Reagan invaded Grenada. The British Government did not warn the Grenadians despite Grenada being ruled by Elizabeth II. Hitch thought that this underscored the wickedness of US policy, the cravenness of the British and uselessness of the monarchy. Despite this flagrant act of illegal aggression, the US got away with it scot free.
By the 1980s Hitch identified with Labour again. Many Trotskyites did which caused the party no end of ructions. He lamented that Mrs Thatcher was letting the United States use the UK as an aircraft carrier. It was as though George Orwell’s dystopian novel 1984 was coming true. The United Kingdom was no more than Air Strip One.
In 1982 Argentina invaded the Falklands. Leftists in the UK said that the Argentines were welcome to it. Britain should not engage in yet another colonial farce. Hitch was almost alone on the left in rejecting this analysis. He wanted the islands to be saved for democracy. He also believed that defeating Argentina would do that country a favour. The Military dictatorship would fall and freedom would be restored. His lonely voice on the left proved to be prophetic. By curious irony his father was one of the few Tories who was dead against the liberation of the Falklands.
Princess Diana was the secular saint of the 1980s. Hitch knew she was decent to AIDS victims. However, he still thought the monarchy was anachronistic and harmful. He wrote a book against it. He said the monarchy was Britain’s favourite fetish. He denounced it as reactionary and inegalitarian.
In the 1980s Hitch became increasingly cognizant of the growing menace of Islamism. Hitch disbelieved and disrespected all religions. However, he recognised that an antediluvian form of Islam was egregiously pernicious. He had seen the Middle East regress centuries in just a decade. That was because of Islamic fundamentalism funded by Saudi petrodollars. The retrograde and obscurantist Wahabi ideology was particularly puritanical and violently intolerant. This viciously anti-feminist, homophobic creed was disseminated throughout the Mohammedan world. Islamist states permitted slavery in all but formal designation.
Salman Rushdie was a dear friend of Hitch. In 1989 Rushdie published his satirical novel The Satanic Verses. This sendup of Islam did not play well in Dar al Islam. Rushdie is a British Indian. The Mumbai born author was raised a nominal Muslim. The publication of his novel was greeted wrathfully throughout the Muslim world. There were protests in the United Kingdom. Mohammedans demanded that the book be prohibited for offending their faith. Disgracefully, some Labour MPs joined in this effort to end free expression.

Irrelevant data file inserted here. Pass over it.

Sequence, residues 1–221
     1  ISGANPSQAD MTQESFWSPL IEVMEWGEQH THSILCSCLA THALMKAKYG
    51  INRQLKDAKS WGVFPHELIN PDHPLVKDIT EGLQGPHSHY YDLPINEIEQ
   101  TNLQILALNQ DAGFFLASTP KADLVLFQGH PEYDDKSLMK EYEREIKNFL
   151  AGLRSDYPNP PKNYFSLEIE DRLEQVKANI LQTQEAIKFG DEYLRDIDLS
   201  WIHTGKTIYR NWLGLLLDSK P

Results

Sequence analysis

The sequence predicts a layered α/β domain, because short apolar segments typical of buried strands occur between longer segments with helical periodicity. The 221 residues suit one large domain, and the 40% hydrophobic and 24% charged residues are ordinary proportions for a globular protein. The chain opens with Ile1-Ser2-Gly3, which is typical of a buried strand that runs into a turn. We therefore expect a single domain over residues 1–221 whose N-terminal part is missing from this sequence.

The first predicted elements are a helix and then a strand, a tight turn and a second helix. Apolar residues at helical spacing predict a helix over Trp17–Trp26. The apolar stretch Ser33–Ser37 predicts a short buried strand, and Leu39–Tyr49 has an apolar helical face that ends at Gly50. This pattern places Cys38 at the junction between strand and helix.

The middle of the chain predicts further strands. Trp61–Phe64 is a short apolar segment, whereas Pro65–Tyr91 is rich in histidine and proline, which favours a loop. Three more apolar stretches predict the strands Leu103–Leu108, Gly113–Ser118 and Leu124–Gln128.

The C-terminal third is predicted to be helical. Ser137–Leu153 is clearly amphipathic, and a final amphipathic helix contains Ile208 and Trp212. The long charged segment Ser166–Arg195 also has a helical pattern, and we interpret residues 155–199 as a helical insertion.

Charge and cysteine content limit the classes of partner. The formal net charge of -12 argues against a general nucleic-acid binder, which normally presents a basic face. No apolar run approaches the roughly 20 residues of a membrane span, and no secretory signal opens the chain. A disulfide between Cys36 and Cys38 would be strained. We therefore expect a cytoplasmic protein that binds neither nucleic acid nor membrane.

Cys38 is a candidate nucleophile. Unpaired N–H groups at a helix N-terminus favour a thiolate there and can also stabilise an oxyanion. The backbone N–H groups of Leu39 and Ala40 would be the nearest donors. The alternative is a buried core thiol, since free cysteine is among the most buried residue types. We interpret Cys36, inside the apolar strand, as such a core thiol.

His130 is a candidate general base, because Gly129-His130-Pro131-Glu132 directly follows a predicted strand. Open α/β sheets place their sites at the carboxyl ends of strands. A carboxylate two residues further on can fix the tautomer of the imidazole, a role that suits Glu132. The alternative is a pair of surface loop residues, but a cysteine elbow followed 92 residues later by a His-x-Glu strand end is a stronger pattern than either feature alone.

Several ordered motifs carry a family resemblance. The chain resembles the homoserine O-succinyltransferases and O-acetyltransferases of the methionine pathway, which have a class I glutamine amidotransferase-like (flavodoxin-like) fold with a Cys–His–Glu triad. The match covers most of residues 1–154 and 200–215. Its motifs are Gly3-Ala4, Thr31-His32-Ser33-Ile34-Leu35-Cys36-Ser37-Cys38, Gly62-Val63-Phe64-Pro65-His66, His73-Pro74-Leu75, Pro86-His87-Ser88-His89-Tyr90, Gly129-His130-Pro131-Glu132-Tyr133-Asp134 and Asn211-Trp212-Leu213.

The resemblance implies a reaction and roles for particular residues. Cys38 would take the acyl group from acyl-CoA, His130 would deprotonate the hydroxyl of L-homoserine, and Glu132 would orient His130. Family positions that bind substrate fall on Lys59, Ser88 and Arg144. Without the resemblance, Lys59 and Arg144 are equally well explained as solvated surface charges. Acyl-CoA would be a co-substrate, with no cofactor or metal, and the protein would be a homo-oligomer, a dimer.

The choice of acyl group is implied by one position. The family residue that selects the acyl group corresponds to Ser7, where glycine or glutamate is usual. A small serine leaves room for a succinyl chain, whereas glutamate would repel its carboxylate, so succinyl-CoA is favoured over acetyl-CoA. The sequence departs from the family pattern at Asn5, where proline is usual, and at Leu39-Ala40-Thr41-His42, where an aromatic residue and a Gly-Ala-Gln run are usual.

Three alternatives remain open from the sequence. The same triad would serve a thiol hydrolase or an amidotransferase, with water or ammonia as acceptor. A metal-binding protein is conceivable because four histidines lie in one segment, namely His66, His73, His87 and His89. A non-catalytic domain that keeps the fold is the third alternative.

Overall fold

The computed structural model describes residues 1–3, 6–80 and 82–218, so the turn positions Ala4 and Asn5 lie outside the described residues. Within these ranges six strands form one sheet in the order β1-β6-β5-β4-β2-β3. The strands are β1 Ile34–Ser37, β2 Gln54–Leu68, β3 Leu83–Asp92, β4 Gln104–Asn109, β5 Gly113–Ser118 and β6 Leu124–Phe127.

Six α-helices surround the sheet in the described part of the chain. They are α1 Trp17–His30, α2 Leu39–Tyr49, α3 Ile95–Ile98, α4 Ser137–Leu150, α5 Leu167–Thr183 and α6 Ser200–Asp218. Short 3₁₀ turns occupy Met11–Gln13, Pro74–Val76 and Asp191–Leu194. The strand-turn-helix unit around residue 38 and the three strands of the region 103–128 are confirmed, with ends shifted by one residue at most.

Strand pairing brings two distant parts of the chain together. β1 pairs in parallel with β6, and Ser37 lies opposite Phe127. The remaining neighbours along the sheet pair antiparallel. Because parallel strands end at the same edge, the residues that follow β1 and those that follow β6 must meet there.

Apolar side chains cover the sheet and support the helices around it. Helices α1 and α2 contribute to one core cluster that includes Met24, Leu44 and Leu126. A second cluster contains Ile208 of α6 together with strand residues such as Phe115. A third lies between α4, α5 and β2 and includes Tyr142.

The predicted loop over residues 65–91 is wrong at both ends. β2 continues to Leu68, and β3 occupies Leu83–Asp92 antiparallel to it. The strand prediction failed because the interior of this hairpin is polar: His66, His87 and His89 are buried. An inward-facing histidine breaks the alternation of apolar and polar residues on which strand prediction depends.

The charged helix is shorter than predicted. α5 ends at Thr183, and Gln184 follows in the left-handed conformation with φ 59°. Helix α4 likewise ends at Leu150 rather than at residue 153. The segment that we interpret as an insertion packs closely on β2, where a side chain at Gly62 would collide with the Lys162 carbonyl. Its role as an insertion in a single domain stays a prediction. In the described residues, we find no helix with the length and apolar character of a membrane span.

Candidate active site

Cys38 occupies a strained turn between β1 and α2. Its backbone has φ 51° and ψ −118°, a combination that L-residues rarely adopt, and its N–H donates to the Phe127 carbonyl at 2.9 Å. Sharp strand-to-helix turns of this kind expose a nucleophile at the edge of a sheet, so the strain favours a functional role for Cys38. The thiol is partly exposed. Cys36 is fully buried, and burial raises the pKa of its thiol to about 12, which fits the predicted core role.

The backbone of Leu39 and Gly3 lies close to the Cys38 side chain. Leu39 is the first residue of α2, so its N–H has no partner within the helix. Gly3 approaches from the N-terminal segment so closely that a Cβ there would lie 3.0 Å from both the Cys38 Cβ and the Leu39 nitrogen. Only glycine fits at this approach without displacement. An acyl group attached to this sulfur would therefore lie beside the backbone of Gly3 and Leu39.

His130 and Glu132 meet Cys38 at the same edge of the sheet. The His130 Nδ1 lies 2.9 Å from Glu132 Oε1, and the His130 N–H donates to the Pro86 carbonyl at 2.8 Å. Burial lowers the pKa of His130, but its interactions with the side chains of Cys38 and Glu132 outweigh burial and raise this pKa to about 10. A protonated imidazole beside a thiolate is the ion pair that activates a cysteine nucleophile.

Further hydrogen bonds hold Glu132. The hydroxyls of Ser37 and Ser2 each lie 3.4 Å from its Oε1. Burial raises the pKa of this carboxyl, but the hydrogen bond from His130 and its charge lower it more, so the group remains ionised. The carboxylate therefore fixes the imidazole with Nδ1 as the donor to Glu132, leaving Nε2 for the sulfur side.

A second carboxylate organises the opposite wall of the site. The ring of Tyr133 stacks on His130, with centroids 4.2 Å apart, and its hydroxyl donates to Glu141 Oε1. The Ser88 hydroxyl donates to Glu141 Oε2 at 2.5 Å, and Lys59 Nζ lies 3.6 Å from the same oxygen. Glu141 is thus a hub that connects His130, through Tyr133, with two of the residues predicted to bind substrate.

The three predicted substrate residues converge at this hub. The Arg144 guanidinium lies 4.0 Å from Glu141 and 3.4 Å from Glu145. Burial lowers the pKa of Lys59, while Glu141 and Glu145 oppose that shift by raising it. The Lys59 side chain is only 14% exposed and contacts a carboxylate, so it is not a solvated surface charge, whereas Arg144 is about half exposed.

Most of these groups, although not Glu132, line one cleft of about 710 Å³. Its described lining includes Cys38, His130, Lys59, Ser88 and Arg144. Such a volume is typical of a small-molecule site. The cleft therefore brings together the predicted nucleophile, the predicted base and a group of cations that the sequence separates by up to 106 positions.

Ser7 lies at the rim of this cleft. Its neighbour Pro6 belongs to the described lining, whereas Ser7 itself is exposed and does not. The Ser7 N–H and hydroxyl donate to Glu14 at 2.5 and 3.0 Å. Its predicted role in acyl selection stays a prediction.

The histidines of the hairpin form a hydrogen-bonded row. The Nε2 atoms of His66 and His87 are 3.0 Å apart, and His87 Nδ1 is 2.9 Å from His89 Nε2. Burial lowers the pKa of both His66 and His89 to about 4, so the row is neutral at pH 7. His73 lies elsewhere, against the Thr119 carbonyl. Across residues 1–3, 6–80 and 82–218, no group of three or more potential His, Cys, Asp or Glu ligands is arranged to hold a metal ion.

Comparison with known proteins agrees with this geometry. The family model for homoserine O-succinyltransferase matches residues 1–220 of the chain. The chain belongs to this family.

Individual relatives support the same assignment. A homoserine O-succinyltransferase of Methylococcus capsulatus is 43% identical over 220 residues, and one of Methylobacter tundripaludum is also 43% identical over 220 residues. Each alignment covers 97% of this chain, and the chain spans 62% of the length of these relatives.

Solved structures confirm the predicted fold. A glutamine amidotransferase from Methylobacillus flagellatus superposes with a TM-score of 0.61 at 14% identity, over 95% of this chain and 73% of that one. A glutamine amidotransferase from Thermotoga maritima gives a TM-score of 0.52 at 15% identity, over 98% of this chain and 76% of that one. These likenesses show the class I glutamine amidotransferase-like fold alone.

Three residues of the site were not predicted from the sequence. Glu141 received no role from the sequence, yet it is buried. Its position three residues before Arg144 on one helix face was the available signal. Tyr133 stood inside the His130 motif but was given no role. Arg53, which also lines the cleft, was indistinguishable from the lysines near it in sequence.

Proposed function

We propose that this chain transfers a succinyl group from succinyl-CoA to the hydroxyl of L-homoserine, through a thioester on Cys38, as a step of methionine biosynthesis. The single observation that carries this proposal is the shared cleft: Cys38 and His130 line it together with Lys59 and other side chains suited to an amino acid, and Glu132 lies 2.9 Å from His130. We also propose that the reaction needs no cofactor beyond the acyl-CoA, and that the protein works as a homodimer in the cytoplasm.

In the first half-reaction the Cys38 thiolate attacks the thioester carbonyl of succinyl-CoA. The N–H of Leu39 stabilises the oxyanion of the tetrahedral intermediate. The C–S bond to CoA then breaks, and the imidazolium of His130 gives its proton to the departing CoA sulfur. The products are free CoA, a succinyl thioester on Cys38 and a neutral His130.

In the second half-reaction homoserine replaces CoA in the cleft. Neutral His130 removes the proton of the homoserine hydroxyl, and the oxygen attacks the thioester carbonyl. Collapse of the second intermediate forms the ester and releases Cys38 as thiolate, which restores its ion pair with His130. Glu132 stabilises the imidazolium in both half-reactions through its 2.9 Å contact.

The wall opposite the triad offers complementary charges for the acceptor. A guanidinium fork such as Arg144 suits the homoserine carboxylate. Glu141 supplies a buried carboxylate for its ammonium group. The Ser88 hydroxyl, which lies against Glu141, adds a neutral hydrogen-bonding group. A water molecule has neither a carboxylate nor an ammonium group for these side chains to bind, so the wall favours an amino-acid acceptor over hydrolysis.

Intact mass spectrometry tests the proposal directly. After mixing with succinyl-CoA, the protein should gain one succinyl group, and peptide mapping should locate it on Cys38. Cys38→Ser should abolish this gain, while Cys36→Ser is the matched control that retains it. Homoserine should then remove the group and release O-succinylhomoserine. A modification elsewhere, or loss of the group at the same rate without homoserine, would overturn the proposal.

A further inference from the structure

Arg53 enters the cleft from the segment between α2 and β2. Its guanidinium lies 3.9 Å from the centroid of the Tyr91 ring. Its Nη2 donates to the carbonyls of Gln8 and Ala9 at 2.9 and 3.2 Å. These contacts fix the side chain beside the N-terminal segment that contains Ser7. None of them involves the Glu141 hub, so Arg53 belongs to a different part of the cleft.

Some Tories said that Rushdie was endangering lucrative contracts with Muslim countries. They were irked that a brown man should impair relations with the brown world. Some muttered that Rushdie was not really British and was only in the UK on sufferance.
Hitch sprang to the defence of his friend. Of course, Rushdie had the untrammelled right to publish whatsoever he pleased. There must be no compromise on free expression.
In the late 1980s Hitch’s first marriage broke up. He married Carol Blue. They later had a daughter.
When the Romanian Revolution broke out Hitch was there to see it. He applauded the overthrow of Ceausescu.
The Iraqi annexation of Kuwait was greeted by most leftists with indifference. One Ishmaelite dictatorship swallows another. Iraq was at least secular. However, Hitchens was fully aware of the genocide that the Ba’athists in Iraq had perpetrated against the Kurds. The only way to stop this forever was to oust the Ba’athist tyrant Saddam Hussein. Hitch had no time for the absolute monarchy of Kuwait. He also reviled George Bush senior.
Nonetheless, he threw his weight behind the mission to liberate Kuwait hoping this would then bring down Saddam. It was an unpopular position on the left. For many leftists, the USA could do no right.
Perhaps oddly for a leftist, Hitch jubilated the dissolution of the USSR. He considered it a perversion of the socialist idyll. He believed in multiparty democracy. He felt odium for autocracy. Further, he said that the end of the Cold War came as a blessed relief. The world was no longer living in the shadow of a mushroom could. Until that time the Third World War would have erupted at any time.
By the 1990s Hitch no longer believed as he once had done as a Marxist that global capitalism was about to collapse under the weight of its own contradictions. Despite being a socialist he founded economics tedious. He was an acquisitive capitalist in his way. He was certainly a champagne socialist. He did not stint in treating himself to the finer things in life. In that wise he was totally hypocritical. His compassion for the needy never extended to giving them a groat.